Exactly Who’s the Boss Here?

This post appears on the NAVAC Blog. By Sheila Edens-Brown Thursday, Juy 29th, 2010 After 20 years in the corporate world, I experienced burn-out to the point where just thinking of going to work would make me literally sick. It was at this point that I knew that it was time to put my dream of being a business owner in place. After going through the motions and getting everything in place, it was time to hang out the shingles. Just the thought of being a business owner was exuberating. I had my first client within two weeks, even though she is taking a break from her business because of the death of her husband, she is still my client and we have had a wonderful relationship. All have not been like her. There were control issues; money problems and just not letting me do my job because they felt they knew better than I how to accomplish the task. After becoming a part of the NAVAC group I discovered that I was still working under the employee mindset and that my clients were calling the shots. Kim and the group showed me how I needed to be in control, that this was my business and that I was the one to determine how my business was to be run; I was the boss and not the employee. It was at this point that I revised my policies and payment procedures. A clear line was set as to my office hours, how task would be completed that would benefit the client and myself and that I was the one...

Tips for Business Bloggers: How to Connect with Readers and Develop Your Blog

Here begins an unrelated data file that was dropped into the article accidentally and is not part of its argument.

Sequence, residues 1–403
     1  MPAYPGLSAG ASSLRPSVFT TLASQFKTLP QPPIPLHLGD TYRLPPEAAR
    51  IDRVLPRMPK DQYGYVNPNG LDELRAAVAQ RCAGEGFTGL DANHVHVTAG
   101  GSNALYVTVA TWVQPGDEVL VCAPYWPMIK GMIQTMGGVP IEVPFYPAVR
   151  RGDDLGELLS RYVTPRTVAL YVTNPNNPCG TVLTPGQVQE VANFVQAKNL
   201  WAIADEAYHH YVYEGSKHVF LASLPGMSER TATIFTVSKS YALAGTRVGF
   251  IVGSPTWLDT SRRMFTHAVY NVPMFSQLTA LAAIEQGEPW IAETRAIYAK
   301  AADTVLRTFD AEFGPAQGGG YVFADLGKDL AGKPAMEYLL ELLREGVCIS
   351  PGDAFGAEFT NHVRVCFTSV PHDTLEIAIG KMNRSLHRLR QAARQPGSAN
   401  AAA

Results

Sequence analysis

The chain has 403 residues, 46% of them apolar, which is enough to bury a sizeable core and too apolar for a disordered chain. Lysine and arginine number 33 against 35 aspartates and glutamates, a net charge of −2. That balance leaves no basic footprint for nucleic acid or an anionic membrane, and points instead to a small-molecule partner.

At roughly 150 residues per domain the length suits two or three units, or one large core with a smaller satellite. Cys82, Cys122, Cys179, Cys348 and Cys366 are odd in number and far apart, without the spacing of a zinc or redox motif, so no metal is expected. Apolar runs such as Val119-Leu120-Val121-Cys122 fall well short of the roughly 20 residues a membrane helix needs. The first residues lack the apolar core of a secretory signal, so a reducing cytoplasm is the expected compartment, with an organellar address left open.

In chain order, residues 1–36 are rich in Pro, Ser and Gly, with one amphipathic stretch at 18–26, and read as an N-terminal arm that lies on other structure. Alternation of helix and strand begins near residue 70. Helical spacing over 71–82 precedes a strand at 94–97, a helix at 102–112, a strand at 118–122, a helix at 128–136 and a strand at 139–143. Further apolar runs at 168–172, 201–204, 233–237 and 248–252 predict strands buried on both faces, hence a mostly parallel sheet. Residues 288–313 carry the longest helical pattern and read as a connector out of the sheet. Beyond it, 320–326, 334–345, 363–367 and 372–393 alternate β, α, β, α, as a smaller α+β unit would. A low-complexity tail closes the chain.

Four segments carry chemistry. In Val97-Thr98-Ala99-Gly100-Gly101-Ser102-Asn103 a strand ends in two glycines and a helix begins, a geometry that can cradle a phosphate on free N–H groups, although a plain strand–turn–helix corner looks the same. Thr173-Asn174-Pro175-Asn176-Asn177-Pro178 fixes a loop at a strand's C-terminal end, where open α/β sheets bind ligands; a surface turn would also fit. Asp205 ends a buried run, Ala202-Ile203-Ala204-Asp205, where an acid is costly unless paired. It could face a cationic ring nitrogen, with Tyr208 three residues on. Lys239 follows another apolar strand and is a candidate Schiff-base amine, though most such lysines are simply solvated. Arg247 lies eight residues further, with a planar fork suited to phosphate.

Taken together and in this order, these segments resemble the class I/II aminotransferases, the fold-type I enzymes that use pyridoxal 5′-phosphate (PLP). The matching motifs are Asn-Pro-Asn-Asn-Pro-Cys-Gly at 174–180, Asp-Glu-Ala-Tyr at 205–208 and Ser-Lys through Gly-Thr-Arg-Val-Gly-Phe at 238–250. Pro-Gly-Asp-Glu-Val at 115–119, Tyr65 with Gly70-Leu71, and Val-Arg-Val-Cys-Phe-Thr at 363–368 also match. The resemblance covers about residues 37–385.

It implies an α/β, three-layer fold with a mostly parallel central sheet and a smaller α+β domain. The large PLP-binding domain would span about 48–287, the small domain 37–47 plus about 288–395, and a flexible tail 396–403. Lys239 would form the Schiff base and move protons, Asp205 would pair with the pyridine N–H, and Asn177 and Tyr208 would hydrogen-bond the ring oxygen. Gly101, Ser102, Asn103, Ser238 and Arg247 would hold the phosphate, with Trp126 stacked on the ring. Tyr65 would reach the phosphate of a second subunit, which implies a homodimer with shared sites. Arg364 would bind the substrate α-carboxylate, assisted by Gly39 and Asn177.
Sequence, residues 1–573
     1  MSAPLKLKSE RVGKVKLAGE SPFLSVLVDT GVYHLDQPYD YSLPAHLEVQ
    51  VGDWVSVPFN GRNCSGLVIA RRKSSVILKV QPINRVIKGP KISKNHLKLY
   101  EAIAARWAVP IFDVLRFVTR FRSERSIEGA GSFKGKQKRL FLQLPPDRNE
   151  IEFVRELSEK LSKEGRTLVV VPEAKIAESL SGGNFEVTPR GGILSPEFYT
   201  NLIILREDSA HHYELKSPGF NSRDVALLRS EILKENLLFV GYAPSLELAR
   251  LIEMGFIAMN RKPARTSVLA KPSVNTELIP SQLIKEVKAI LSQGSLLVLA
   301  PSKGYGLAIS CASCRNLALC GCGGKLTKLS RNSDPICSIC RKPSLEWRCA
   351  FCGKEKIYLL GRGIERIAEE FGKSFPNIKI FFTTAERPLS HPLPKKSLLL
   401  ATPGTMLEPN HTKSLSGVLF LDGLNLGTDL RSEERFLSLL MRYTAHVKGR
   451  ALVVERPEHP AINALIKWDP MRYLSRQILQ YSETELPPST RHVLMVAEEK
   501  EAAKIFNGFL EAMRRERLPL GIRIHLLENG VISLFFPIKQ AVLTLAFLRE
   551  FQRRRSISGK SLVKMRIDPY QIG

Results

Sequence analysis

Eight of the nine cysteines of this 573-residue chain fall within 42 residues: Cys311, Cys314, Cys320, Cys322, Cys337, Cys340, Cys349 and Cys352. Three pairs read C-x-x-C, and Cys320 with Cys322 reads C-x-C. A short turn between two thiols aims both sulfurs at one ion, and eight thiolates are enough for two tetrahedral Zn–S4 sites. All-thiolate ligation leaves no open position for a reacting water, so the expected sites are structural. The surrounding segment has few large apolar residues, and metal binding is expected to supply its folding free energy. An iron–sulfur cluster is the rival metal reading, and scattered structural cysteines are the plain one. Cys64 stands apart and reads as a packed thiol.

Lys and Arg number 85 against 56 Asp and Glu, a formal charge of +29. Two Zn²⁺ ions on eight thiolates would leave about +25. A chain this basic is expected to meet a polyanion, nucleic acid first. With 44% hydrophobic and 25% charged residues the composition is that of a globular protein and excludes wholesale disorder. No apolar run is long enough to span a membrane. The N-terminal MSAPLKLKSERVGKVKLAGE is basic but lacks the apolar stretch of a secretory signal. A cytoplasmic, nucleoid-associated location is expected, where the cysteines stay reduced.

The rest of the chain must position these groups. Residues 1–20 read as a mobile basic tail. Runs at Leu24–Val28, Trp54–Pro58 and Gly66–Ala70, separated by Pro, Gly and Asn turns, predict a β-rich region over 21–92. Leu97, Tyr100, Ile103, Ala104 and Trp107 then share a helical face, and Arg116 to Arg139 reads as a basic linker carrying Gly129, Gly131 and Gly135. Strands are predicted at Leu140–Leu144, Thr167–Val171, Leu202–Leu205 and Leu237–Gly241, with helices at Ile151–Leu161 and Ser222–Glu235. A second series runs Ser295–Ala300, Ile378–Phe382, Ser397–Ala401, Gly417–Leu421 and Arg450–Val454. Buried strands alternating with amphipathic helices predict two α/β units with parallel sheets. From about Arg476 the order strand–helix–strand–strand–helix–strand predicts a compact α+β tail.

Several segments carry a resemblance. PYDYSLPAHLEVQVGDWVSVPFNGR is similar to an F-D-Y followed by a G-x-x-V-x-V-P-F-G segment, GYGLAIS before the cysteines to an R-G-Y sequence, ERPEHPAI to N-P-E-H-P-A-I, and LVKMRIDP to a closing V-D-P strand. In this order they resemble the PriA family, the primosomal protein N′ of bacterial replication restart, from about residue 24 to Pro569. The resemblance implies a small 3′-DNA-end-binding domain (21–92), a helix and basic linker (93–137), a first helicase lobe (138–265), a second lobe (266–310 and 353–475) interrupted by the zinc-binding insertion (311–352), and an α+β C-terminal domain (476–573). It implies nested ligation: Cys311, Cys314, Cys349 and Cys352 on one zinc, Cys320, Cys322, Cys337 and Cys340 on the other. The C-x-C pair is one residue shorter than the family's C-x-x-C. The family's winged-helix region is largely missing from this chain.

A blog is your chance to connect with a specific audience, so building up a relationship of trust with them is critical.  Therefore, do not ever lie or exaggerate your income, popularity, stats, readers, subscriptions, etc on your blog.   That being said, there is such a thing as being too honest about your lack of experience as a blog writer, or the fact that your site is new and therefore does not yet have a big following.  This can happen by either having a lack of professionalism in the way your blog website is presented, or by your own posts telling your readers that no one ever visits.  Keep any frustrations about low visitor counts to yourself, and treat every blog post like a sales presentation.  (This doesn't mean use sales-speak.  That puts readers off immediately.  This means always put your best face forward.)  Never, ever comment on low blog reader turnout on the blog itself.  No one wants to hang out someplace that tells them up front that it is unpopular!  Instead, find out why no one is visiting, and fix it! Take a look at other websites and blogs in your niche, and note particularly ones you find professional.  Compare this to your site, focusing on the differences in graphics, presentation, layout, and how they handle advertising.  Also notice if they have a professional (pay) theme for their blog, if they've created their own in-house, or if they're using a free theme.  There are many wonderful, professional-looking free themes out there, but you will need to dig around and choose carefully. When you find a site you...